Plato tells us that we have this innate knowledge from the world of the Forms where we all resided in our pre-natal state. The forms of everyday objects such as chairs, cats, trees etc. as well as ideas such as justice, virtue, the good and beauty. The problem Plato had was that everything in our reality including ourselves was ever-changing and subject to decay, therefore he thought, there must be a realm where everything remains the same and does not change, is eternal and perfect, the world of "Ideas", not senses. Although there are many types of dogs for example, in Plato's realm of Forms there is something that is common to ALL dogs, their `Doggy-ness.` So, according to Plato, we recognise dogs because we are familiar with the "Form of Dog". The world, according to Plato is divided into two realms, the Visible and the Intelligible. The visible world we understand through our senses – sight, sound, touch and so on. The Intelligible world we can only understand with our Mind or Soul– abstract, yet changeless, absolute and eternal. Plato believed a Soul was in the realm of the Forms before being tied to a body, which is why, after much struggle and work, we can come to understand them and see this world, only the philosopher or the person that questions this world would be able to see the world of Forms.
This takes us to the……
Dividing Line
To explain this, imagine that there's a line separating the lower and the higher realities. For example, everything within the Cave is below the dividing line (the world of the Visible) and everything outside the Cave is above the dividing line (the world of the Intelligible). We can even subdivide it again. The shadows on the wall of the cave are illusions, the bottom part of the line – let's call it section D (eikasia). Shadows change depending on the light source, they flicker and won't remain in the same place, so we never really understand the actual item creating the shadow. Next, in section C (pistis) we have "Beliefs" of physical objects, we can see things and hear things. These are the items that create the shadows in the cave. Together section C and D give us the world of "Opinions". In section B (dianoia) we get to the epistemic state of mathematical reasoning, straight lines, triangles and circles which, in reality cannot be achieved. Plato sees maths as one of the closest things to knowledge in this world. They can only be conceived of in the Mind, although Plato used the term "Soul", which runs all the way through us and cannot be localised like the brain. If we are to liken the dividing line to the Cave analogy I also see section B as the real world outside of the Cave - the real trees, cats, lakes, sky, water, stars, rather than the mannequins being held up in the Cave. Section A (noesis), is the epistemic state of Intelligence where our minds can comprehend the Forms. Together section A and B gives us "Knowledge". The Forms represent "The Good" inasmuch as everything else is imperfect. In this world we can only touch imperfection, but if we strive towards knowledge we can, with hard work and struggle, reach the light of the Sun. The "Sun" is a metaphor which allows us to achieve a state of being, allowing us to see and understand the Forms and is absolute. It is the Ultimate Good. The idea of the Good (the Sun) gives existence and life to both Forms and everything in the sensible world, right down to the shadows. Not only does it allow a flower to grow but it allows us to see the flower – not only with our eyes, but with our Minds (Souls).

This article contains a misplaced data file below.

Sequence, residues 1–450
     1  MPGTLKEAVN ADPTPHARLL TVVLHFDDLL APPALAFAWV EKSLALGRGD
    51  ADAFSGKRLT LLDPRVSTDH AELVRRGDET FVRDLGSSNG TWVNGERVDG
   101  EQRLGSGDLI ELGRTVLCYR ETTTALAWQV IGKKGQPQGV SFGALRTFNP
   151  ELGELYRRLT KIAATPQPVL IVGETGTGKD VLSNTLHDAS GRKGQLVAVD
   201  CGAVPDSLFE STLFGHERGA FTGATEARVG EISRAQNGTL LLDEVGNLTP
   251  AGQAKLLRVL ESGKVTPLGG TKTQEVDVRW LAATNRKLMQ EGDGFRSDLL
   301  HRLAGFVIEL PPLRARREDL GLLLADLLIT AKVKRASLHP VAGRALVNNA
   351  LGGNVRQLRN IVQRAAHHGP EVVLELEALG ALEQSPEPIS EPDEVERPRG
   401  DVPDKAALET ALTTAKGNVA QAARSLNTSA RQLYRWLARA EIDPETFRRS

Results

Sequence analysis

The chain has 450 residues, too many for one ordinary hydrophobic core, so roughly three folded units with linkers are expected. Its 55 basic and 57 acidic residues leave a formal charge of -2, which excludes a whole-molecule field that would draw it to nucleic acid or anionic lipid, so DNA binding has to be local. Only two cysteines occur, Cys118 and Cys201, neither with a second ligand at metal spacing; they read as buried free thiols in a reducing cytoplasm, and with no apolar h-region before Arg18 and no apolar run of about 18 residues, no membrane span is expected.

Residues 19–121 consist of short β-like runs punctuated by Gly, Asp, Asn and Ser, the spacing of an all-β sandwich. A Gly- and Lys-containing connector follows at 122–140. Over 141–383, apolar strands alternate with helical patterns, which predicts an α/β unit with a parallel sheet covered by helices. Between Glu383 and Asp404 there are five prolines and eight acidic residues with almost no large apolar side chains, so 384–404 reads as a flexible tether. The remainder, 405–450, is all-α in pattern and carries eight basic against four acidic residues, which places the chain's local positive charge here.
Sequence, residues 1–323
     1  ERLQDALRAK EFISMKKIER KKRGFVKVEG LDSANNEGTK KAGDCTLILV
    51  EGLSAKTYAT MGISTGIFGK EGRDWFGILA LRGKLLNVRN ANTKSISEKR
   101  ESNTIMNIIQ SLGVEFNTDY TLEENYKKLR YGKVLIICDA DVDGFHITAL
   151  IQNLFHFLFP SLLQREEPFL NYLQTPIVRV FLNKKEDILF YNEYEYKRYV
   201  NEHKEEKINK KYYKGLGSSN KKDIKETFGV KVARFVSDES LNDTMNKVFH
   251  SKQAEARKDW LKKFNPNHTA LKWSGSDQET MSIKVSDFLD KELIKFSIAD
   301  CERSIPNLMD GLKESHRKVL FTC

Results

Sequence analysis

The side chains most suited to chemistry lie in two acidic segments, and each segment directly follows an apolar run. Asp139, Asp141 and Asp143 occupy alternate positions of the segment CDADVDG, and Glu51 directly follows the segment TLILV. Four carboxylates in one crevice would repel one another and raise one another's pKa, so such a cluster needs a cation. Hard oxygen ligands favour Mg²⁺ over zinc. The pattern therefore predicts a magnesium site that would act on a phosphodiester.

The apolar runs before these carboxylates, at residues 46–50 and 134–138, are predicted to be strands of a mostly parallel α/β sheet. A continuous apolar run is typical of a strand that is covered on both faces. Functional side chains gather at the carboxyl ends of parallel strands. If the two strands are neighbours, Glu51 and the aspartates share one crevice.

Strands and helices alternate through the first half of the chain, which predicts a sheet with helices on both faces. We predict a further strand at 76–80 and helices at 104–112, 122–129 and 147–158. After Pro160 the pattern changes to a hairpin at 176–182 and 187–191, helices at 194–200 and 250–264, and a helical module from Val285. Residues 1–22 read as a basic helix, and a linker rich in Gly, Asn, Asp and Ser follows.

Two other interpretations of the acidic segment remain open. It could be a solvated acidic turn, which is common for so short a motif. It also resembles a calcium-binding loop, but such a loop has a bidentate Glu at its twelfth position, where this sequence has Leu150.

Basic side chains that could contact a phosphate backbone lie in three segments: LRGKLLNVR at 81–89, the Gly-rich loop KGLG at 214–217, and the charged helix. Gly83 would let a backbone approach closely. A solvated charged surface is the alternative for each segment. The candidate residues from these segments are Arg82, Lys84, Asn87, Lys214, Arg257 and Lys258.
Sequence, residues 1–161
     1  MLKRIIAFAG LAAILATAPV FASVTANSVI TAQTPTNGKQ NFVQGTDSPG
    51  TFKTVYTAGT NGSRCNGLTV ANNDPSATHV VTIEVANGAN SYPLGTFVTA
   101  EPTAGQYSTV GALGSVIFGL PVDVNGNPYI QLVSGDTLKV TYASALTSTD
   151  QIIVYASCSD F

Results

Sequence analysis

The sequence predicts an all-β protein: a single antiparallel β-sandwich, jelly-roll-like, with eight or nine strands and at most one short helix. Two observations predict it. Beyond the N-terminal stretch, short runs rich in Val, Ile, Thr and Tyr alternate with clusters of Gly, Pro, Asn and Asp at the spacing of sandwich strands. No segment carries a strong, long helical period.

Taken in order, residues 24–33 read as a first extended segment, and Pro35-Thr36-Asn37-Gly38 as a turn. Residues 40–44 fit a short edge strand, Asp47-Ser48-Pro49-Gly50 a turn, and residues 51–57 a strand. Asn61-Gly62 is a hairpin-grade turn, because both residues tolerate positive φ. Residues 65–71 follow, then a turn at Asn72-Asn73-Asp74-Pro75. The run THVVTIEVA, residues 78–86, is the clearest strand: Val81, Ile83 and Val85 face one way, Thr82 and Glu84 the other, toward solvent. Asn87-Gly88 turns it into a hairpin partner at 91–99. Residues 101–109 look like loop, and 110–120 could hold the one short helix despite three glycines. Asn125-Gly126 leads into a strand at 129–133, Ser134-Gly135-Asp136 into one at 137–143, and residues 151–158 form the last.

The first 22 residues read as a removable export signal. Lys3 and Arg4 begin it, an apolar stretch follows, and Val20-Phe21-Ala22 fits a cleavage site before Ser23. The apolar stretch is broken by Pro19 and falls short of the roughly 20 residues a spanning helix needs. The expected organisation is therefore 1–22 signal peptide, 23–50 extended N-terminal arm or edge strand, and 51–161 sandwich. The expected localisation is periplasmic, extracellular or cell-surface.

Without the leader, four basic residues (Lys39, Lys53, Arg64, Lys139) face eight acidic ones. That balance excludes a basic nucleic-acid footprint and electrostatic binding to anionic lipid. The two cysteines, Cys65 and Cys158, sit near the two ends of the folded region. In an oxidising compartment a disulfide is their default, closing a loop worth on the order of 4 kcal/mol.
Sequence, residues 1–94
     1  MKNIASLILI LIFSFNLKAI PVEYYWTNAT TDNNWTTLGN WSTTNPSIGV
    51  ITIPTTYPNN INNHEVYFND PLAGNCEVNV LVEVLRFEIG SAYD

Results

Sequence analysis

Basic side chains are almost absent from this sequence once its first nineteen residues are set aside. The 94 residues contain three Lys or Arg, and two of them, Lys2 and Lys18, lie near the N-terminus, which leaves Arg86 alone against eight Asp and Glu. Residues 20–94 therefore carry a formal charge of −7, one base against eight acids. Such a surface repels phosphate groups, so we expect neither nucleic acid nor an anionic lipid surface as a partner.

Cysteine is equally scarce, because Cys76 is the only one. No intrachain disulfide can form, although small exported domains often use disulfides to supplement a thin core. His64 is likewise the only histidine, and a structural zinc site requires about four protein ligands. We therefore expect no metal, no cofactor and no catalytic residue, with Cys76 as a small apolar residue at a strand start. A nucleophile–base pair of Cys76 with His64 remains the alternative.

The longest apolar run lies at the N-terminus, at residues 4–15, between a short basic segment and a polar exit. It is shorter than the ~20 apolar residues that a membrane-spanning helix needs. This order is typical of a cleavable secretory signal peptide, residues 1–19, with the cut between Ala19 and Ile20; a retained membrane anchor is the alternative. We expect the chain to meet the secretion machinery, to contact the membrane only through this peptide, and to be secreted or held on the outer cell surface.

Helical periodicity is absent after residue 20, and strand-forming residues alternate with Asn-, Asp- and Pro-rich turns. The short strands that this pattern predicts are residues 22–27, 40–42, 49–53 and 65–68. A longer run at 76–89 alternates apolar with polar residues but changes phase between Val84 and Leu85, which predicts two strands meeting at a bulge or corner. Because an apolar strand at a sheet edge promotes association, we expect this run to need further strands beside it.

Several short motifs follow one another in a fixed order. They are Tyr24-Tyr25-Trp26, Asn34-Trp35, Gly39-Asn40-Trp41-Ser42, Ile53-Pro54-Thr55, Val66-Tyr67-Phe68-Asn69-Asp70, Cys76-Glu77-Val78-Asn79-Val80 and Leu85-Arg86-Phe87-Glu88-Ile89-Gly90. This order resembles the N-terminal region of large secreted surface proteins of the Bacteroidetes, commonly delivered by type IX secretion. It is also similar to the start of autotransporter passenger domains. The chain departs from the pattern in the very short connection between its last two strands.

What does the cave analogy mean?
Who are the men that parade the items that create the shadows? Although Plato does not tell us, they are obviously in a position of extreme power, for they are the people that shape the prisoners lives, who manipulate everything they see, hear and therefore believe. In other words, they are the authorities, perhaps government, the church, parents, or the media. All of these groups go towards shaping us, how we act, what we believe and therefore create our motivations and will. These are extremely powerful entities. It could be taken that the cave represents schooling, with teachers cramming our minds full of "stuff" we have not ourselves experienced. Plato doesn't believe this is true education but rather indoctrination. Education, says Plato,
"……is not what the professions of certain men assert it to be. They presumably assert that they put into the soul knowledge that isn't in it, as though they were putting sight into blind eyes…but the present argument, on the other hand…indicates that this power is in the soul of each and that the instrument with which each learns--just as an eye is not able to turn toward the light from the dark without the whole body--must be turned around from that which is coming into being together with the whole soul until it is able to endure looking at that which is and the brightest part of that which is." (518c). -